Advice is as hard to give as to take

Being a high school student is one of the most frightening occupations out there. I certainly couldn’t be paid enough money to go back.

I should buy my former high school counselor a drink next time I see him; chances are good that he’d need it.

My brother just started his senior year at the high school in our hometown. He’s an aspiring multimedia designer with an eye toward a future that might include coming to Tech like his older brother, or perhaps a (cheaper) school closer to home and friends.

The anxious tone in his voice becomes more severe with each phone conversation, and the tone of the questions changes from joking to desperately sincere. He could say just as easily, “I’m afraid. I have no idea what I want to do. I don’t want to end up penniless and alone. Please help me not screw up my life.”

The melodrama of the looming high school graduation is simultaneously feared, reviled, romanticized and admired in popular culture.

The implication that high school represents “the best four years of your life” is a cruel sentiment disseminated among an already nervous population of worried, hopeful young adults at the end of the structured, well-defined period of their lives.

No one wants to believe their best days are behind them. It’s no surprise, then, that there’s a great deal of fatalism inherent in events like the prom, leading the collectively fearful and hormonal to awkward after-parties for two in cheap hotel rooms and the back seats of parents’ cars. (That’s a story for another time.)

That’s not to say college students don’t face similar problems. Our questions just run deeper and reflect a greater existential dilemma. It’s not merely, “What am I going to do after I graduate?” anymore, like it was in high school. We have that figured out.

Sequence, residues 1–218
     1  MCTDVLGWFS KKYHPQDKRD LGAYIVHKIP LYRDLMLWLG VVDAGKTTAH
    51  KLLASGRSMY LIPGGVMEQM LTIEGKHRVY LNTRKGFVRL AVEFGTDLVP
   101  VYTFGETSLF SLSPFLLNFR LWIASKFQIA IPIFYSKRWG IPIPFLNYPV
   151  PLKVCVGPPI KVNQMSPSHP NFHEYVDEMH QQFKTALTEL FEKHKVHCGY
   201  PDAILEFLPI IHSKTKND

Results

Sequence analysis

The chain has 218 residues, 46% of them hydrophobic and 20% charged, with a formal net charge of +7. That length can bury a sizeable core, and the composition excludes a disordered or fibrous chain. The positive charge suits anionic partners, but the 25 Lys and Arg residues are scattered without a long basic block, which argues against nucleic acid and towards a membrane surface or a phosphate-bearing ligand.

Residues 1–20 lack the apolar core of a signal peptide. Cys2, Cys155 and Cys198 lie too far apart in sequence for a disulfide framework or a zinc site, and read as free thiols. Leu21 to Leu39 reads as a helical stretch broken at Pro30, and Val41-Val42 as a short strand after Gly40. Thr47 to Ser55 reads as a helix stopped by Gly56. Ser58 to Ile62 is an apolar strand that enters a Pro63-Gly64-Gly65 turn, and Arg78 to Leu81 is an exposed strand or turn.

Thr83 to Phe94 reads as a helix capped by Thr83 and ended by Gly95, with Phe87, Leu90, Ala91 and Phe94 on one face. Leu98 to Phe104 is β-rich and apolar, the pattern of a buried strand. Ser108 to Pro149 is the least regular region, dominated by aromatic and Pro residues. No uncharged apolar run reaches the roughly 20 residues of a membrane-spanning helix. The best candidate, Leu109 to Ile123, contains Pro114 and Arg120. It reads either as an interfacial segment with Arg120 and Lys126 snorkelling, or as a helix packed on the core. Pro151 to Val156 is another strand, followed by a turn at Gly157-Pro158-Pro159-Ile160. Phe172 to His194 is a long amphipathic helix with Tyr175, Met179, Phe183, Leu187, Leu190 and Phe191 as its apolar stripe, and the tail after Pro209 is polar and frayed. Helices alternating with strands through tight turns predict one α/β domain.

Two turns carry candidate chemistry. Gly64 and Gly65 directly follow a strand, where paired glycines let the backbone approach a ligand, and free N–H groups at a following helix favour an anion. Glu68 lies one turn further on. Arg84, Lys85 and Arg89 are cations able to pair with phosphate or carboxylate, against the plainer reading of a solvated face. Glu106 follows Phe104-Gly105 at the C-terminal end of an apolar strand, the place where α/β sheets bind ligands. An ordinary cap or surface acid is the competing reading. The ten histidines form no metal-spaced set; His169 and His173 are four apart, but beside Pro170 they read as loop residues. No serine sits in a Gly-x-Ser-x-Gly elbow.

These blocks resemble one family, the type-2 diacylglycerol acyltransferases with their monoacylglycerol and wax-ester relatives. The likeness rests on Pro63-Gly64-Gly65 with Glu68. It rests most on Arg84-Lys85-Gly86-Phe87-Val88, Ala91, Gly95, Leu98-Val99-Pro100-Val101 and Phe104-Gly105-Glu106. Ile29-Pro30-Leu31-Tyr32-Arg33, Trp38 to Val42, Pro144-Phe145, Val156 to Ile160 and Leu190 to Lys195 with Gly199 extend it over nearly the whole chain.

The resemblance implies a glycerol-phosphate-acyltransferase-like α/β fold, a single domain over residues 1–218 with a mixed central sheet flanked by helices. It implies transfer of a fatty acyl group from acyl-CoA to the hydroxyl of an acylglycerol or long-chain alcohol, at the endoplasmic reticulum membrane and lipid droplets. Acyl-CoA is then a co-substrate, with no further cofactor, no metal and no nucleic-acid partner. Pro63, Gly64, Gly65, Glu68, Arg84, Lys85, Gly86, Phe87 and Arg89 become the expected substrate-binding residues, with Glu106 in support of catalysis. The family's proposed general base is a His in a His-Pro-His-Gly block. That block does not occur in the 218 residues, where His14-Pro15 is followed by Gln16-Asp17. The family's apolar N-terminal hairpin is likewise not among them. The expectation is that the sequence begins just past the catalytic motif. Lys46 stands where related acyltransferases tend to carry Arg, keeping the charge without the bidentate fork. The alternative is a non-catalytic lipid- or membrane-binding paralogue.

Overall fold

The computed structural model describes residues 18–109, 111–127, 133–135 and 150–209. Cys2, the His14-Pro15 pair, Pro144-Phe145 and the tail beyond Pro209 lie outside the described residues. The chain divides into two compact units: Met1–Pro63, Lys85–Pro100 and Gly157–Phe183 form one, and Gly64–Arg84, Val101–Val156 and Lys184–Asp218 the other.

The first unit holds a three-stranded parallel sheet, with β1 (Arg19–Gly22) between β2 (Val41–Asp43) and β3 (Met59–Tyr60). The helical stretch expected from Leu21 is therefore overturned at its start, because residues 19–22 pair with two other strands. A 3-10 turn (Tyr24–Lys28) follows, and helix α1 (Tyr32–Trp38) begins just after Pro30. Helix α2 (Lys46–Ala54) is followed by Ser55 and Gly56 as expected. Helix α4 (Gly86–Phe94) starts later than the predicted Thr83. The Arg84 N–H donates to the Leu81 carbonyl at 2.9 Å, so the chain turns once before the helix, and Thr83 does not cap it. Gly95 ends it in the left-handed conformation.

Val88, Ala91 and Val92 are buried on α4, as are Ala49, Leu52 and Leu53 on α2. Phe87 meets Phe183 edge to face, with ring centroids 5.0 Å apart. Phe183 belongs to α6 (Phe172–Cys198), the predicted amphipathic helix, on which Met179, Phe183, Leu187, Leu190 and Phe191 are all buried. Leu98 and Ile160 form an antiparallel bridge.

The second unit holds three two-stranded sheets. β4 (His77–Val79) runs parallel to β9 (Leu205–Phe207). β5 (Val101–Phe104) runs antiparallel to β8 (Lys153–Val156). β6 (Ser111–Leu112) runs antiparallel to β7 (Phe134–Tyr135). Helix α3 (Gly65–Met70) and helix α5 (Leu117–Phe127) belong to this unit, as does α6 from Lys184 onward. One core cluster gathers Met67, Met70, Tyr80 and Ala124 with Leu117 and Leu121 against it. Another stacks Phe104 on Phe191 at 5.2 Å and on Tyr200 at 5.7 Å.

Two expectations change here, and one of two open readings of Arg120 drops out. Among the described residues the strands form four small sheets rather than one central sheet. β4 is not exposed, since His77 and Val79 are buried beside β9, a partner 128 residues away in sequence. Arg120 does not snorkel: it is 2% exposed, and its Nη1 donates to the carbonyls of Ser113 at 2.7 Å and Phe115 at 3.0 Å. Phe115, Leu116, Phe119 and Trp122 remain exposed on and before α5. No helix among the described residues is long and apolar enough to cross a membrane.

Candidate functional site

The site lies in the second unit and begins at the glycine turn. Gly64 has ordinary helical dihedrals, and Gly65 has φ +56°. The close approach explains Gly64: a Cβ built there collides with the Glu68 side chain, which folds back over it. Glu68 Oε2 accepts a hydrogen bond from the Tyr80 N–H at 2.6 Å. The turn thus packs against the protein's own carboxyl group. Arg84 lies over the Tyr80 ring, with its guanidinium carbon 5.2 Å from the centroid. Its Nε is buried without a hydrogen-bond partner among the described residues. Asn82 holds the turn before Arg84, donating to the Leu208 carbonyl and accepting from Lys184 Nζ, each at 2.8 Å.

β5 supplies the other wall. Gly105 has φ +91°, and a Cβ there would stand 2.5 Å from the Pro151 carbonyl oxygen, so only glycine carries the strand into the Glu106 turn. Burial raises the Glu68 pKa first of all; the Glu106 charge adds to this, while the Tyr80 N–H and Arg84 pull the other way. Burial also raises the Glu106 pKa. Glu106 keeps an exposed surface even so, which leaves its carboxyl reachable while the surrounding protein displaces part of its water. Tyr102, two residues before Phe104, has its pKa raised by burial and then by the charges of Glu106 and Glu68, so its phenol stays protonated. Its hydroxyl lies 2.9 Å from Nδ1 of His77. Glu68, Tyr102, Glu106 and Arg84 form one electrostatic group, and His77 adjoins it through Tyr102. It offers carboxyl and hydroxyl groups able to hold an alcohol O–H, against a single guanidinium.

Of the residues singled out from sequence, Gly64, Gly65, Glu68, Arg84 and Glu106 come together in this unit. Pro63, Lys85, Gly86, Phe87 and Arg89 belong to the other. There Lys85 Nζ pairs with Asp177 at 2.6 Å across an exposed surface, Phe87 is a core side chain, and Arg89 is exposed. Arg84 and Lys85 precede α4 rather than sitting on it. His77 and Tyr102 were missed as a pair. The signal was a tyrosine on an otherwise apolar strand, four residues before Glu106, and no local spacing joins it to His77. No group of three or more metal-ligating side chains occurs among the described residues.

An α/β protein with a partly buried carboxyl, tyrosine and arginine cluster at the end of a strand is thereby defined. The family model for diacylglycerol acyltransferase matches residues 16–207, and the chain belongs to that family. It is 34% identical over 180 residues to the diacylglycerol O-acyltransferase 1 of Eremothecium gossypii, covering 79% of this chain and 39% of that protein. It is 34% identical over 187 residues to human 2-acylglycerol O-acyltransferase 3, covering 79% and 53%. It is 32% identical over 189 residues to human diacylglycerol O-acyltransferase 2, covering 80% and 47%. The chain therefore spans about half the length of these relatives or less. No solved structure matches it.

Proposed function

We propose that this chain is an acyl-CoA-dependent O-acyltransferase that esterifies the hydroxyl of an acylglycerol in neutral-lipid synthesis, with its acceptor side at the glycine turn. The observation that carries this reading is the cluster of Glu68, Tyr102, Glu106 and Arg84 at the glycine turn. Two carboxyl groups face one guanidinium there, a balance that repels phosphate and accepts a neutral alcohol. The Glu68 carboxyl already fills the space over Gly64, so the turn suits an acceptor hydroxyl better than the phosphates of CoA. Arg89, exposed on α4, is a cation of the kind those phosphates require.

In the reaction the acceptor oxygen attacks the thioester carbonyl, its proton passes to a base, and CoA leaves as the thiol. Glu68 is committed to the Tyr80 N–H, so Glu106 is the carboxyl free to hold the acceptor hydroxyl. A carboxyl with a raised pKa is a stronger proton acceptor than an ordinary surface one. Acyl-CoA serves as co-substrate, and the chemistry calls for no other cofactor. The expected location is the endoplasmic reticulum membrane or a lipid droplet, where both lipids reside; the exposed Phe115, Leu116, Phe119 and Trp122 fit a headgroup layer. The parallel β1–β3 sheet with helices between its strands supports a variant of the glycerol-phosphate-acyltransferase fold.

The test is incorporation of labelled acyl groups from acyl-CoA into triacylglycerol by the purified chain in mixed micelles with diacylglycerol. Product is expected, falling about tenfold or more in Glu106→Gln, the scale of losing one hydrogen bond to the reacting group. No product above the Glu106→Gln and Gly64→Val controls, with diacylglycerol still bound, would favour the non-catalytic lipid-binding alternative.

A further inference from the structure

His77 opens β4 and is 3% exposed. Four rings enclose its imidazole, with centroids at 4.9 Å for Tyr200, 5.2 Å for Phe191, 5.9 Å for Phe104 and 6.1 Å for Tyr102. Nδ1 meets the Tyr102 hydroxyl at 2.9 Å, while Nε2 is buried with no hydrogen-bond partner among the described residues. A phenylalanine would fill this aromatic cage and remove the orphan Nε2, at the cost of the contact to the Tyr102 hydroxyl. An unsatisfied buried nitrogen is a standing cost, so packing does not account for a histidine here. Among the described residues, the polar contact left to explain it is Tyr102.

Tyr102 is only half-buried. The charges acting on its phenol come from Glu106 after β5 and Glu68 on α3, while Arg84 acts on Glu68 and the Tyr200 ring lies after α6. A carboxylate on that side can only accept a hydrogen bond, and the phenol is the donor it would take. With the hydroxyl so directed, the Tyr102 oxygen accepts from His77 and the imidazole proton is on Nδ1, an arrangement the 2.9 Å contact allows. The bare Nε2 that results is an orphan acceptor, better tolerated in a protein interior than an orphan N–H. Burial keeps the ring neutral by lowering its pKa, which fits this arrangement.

But now the questions, like the coursework, have become more complicated. We ask ourselves, “What does it mean for me to live a good life? How can my limited time in this world be spent in a way most fulfilling to me?”

Personal philosophies are not constructed in a vacuum. Life experience shapes our views and carves out a niche for how we process new information.

That’s why even the most brilliant people in the world often have different opinions. High-minded platitudes will often not stand up to the scrutiny of day-to-day living; truth is completely relative to the individual.

This is why experience is so important. It’s impossible to say with certainty what you value until you have experienced a test of those beliefs.

What makes this idea so intuitive and universally applicable is also what makes it completely useless as advice. Unlike my brother, I was fortunate not to have a relativist giving me advice on life after high school graduation.

Philosophers rarely give practical advice. Words of wisdom don’t often translate well to reality.But what else can be said? I don’t have the key to my brother’s lifetime happiness anymore than I have the key to my own.

If there’s anything experience has taught me, it’s that you can do everything right and still fall short. Conversely, you can do it all wrong and somehow luck out. I imagine most people’s lives to be a series of decisions and turns that fall somewhere on that continuum.

My brother, like all of us, will probably stumble in the dark until he finds something that seems like a good enough idea that it’ll work. More ambiguity is not what high school students want to hear, but it’s almost certainly what’s in store for them.

How counselors, mentors and motivational speakers deal with the paradox of assuring students that everything will work out is a combination of glittering generalities and small lies, but I don’t envy them any more than I blame them for trying.

After all, it’s not like life’s events are completely random. There are many cases where the work we put in is equal to the reward we get in return.

As long as you keep things in perspective and take the opportunities where you can to move infinitesimally towards your goals, chances are good that you’ll end up somewhere in the ballpark of contentment. If not, at least you’re less likely to have regrets about how you lived your life.

Maybe that’s the right advice to give.